• Heat pump deployment in Europe saw a huge increase in 2022, with sales increases of 120% in Poland, 100% in Slovakia and Belgium, and 50% or more in Finland, Czechia and Germany (Figure 3).[8]https://portpc.pl/port-pc-2022-rok-pomp-ciepla-w-polsce/Heat pump sales.xlsx

Source: European Council analysis of European Commission data
Data: EU gas imports.xlsx

Source: Zero Carbon Analytics analysis. Gas import volumes from Breugel analysis of ENTSO-G data, share from Russia from European Council analysis of European Commission data, LNG capacity under development from US Energy Information Administration.
Data: EU gas imports.xlsx

Global
  • Gas demand is now forecast to peak by the end of the decade based on current policies alone (Figure 4). If countries deliver on their long-term climate targets, then gas demand will have dropped by 10%.[9]https://www.iea.org/reports/world-energy-outlook-2022 For the first time ever, the IEA forecast in 2022 that current government policies would lead to a peak or plateau in global demand for fossil fuels.[10]https://www.iea.org/reports/world-energy-outlook-2022
  • Global carbon emissions are now set to peak by 2025, with China’s carbon emissions likely to peak in 2022, according to analysts at Rystad Energy.[11]https://www.rystadenergy.com/news/fossil-fuel-emissions-to-peak-within-two-years-as-global-decarbonization-picks-up
  • Emerging Asian natural gas demand growth from 2021-2025 is set to be 50% lower compared to the previous year’s forecast, and that sustained high prices “could further derail Emerging Asia’s gas and LNG demand growth prospects, and leave much of the region’s planned new LNG-to-power infrastructure further delayed or even uncompleted,” according to the IEA.[12]https://www.iea.org/reports/gas-market-report-q3-2022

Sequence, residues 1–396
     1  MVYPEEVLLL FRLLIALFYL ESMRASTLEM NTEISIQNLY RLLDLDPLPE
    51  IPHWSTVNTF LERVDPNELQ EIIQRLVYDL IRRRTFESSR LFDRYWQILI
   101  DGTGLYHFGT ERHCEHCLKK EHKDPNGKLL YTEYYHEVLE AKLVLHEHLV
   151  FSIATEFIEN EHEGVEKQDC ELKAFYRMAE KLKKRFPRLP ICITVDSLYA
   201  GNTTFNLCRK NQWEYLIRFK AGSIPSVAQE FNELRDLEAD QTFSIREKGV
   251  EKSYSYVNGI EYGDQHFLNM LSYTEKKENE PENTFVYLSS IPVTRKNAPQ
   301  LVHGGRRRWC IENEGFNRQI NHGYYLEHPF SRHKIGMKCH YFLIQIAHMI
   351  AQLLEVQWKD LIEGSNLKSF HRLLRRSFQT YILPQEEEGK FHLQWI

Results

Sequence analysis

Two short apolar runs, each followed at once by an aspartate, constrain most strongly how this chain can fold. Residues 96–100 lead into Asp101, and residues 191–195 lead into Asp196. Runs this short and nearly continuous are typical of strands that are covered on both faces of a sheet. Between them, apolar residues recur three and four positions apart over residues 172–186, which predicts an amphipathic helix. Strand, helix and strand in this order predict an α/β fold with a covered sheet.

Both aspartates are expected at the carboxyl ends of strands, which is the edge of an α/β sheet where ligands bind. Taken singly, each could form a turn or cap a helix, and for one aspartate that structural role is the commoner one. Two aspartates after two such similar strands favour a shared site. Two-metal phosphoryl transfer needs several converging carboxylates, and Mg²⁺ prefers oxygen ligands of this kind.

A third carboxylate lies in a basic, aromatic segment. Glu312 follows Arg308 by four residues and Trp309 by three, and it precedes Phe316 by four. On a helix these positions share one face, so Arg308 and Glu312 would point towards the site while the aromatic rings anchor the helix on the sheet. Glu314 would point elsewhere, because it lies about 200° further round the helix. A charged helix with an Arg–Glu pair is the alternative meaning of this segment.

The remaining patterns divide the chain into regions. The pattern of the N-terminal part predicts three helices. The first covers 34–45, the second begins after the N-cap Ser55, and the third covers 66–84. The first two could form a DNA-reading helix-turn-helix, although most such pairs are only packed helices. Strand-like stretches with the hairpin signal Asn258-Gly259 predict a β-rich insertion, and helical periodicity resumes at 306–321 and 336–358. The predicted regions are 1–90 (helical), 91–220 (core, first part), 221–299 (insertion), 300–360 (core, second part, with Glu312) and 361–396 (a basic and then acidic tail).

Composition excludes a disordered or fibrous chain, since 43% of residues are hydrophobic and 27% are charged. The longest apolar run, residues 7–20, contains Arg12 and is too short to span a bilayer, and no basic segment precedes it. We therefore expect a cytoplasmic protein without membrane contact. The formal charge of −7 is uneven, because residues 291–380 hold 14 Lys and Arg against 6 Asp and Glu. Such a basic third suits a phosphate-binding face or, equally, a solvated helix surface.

• 88% of the growth in electricity generation up to 2025 will be met by renewables, compared to just 1% for fossil fuels. Global coal and gas generation is expected to remain broadly flat with new capacity in the Middle East and Asia Pacific being offset by reductions in Europe and the Americas.[13]https://www.iea.org/reports/electricity-market-report-2023

Source: PORT PC – Polish Organization for the Development of Heat Pump Technology
Data: Heat pump sales.xlsx

Source: EMBER, IEA

Renewable energy has saved taxpayers and consumers billions

  • EU wind and solar generation rose by 13% in the months after Russia’s invasion of Ukraine. This record increase in renewable generation saved the equivalent of EUR 11 billion worth of imported fossil gas.[15]https://ember-climate.org/insights/research/eu-wind-and-solar-growth-saves-11-billion/
  • Solar generation avoided fossil fuel costs of USD 34 billion for the first six months of 2022 alone in seven Asian countries – China, India, Japan, South Korea, the Philippines and Thailand. This is equal to 9% of these countries’ total fossil fuel costs over the same period.[16] https://ieefa.org/resources/sunny-side-asia
  • Worldwide, in regions most affected by the energy crisis, those with higher shares of renewables experienced lower energy prices.[17]https://www.iea.org/reports/world-energy-outlook-2022

Continued use of fossil gas has cost taxpayers and consumers billions

  • High gas and coal prices accounted for 90% of the increase in electricity costs around the world in 2022, with natural gas alone accounting for more than 50% of the total.[18]https://www.iea.org/reports/world-energy-outlook-2022